Plants have fascinated scientists for centuries. They sort of act like animals, but they’re clearly different. How many similarities do they share with humans? Can they see? In 1907, the son of Charles Darwin believed that they might be able to. Francis Darwin suggested they had organs comprised of light-sensitive and “lens” cells that drew plants to life-giving light, and experiments did seem to suggest the existence of these “ocelli,” but it wasn’t until recently that more progress was made.
Plants have photoreceptors on their leaves and stems that are pretty complex. They can distinguish between red, blue, and even ultraviolet light. They can figure out what direction the light is coming from – ever noticed how plants bend towards a light source? – and how bright that light is. One of these photoreceptors is called a phytochrome, which detects red light. If exposed to red light, it becomes increasingly sensitive so it can detect “far-red light,” which is the most extreme red on the visible spectrum. Phytochromes allow plants to speed up their growth when they have a lot of sunlight. Phototropins manage a plant’s “vision” of blue light.
Studying phytochromes and phototropins doesn’t really answer the question about whether plants can “see” like mammals. The receptors are totally different from what can be found in an animal eye, but they do all share one photoreceptor called a cryptochrome. It detects blue and UV light and essentially acts like a clock that regulates the plant. In animals, this receptor sets circadian rhythms. So, we aren’t entirely different from plants.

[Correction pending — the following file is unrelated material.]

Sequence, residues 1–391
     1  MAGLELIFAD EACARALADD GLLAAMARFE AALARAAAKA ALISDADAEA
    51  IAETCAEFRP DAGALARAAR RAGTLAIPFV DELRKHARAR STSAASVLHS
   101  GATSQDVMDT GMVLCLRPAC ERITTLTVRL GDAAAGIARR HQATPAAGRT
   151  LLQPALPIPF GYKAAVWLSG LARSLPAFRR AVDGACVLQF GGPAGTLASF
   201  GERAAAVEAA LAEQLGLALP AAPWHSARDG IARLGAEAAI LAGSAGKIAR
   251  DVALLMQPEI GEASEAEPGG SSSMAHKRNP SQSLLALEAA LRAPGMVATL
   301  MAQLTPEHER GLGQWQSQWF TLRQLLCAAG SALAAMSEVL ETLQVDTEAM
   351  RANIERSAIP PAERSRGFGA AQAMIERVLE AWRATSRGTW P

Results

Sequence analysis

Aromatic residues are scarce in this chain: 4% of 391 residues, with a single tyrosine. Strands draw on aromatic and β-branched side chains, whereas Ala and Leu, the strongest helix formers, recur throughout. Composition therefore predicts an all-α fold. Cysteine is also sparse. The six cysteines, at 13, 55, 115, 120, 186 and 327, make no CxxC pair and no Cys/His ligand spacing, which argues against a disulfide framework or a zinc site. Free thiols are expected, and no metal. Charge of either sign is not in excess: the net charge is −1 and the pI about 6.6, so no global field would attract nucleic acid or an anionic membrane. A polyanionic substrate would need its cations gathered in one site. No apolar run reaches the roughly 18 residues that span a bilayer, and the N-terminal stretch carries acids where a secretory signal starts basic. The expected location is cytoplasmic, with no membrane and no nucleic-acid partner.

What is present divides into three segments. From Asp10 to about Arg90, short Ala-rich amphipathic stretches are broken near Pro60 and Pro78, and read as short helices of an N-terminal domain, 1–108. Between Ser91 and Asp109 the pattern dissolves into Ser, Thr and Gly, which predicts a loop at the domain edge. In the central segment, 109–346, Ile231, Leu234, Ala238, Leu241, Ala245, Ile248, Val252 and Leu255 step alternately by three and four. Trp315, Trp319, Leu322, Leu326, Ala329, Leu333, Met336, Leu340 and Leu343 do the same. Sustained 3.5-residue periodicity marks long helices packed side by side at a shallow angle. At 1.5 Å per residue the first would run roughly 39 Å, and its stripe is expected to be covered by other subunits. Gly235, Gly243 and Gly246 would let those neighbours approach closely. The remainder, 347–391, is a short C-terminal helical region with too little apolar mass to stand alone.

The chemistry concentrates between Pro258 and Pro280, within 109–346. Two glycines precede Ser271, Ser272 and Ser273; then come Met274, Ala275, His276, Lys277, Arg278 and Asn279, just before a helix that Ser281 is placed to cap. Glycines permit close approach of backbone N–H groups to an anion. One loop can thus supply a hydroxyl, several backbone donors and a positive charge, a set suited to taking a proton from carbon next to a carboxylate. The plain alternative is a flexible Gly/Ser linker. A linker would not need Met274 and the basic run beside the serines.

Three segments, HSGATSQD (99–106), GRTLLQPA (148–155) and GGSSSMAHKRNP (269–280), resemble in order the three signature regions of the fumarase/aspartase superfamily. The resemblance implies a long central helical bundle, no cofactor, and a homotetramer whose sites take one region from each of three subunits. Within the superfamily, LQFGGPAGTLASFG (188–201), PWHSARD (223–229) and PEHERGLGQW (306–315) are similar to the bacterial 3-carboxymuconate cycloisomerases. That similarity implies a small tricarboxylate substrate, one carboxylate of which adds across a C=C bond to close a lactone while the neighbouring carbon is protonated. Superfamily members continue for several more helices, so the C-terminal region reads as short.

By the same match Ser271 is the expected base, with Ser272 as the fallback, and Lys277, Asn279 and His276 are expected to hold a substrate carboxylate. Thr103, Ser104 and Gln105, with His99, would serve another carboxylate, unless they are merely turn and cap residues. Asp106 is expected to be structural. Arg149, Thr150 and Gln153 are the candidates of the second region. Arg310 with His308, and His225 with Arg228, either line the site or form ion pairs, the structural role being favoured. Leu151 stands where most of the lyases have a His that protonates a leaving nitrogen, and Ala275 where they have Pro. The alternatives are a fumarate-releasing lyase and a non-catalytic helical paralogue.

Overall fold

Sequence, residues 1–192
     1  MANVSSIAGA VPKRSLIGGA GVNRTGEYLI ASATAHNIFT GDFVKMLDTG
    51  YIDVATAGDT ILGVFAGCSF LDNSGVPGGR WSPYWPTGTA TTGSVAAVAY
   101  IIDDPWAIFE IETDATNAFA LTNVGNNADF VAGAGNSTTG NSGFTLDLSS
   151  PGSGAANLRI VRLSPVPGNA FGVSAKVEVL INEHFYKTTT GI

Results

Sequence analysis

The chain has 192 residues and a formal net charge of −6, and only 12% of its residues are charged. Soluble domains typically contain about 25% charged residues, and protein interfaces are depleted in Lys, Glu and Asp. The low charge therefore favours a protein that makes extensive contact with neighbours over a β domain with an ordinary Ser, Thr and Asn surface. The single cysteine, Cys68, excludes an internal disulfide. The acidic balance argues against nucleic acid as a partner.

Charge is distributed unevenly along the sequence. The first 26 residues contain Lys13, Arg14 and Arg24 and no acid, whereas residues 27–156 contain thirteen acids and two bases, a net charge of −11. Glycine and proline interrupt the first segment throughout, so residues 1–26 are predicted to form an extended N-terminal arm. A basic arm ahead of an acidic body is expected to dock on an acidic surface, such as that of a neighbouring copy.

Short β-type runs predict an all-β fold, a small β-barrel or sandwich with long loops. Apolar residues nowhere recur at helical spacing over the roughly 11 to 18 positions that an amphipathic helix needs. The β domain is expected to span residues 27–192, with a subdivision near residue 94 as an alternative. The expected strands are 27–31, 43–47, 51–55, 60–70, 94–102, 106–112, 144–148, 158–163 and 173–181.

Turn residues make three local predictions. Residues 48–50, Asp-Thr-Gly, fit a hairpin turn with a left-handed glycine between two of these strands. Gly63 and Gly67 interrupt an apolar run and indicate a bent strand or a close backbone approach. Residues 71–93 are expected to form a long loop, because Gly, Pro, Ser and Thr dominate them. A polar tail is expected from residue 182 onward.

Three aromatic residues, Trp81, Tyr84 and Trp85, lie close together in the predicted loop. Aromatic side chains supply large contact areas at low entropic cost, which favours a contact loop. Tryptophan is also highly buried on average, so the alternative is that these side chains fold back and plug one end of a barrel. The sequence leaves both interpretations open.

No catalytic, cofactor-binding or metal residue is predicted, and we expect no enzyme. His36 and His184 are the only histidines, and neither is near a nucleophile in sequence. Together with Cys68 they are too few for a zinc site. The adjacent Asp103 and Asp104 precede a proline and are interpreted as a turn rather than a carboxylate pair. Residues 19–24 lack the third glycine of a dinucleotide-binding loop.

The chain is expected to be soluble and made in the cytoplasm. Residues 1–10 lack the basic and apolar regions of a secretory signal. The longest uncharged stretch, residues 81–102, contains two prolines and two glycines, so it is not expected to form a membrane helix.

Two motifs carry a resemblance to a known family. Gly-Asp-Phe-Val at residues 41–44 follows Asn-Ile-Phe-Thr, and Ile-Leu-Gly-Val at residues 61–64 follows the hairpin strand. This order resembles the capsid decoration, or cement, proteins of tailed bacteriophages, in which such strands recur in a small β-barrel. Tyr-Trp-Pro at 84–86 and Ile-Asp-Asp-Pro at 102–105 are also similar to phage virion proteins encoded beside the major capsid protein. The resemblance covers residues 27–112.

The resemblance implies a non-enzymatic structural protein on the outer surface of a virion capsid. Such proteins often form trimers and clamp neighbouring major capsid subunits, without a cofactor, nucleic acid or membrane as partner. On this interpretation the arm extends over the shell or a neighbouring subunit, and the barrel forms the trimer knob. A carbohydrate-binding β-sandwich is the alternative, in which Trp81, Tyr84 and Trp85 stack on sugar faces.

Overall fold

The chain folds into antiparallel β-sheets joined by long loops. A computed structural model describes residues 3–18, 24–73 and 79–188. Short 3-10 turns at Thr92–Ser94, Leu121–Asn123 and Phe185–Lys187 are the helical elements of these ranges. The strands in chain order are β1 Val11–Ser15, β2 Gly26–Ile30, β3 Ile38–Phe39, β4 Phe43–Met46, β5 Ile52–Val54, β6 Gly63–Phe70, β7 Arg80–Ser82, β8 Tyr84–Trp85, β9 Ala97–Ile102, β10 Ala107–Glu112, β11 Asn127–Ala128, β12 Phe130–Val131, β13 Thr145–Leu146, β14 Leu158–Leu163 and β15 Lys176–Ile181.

2016 saw the discovery of single-celled organisms that, like plants, use photosynthesis. These little guys also behave like ocelli and use their entire bodies as a lens to focus on a light source. A microbiologist from the University of London compared it to the retina of an animal’s eye. This is the closest scientists have gotten to figuring out if plants can see, and it’s very exciting to the community. Something else that’s interesting about the question if plants can see is that certain plants have at least 11 photoreceptors, while humans only have four. This could mean that plants actually “see” better than we do!